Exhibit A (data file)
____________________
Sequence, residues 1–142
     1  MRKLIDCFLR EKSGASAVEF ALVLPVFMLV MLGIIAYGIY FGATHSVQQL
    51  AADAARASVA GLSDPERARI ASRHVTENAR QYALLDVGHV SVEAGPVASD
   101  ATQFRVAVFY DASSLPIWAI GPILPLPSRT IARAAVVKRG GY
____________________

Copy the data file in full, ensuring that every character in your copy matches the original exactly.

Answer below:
Sequence, residues 1–142
     1  MRKLIDCFLR EKSGASAVEF ALVLPVFMLV MLGIIAYGIY FGATHSVQQL
    51  AADAARASVA GLSDPERARI ASRHVTENAR QYALLDVGHV SVEAGPVASD
   101  ATQFRVAVFY DASSLPIWAI GPILPLPSRT IARAAVVKRG GY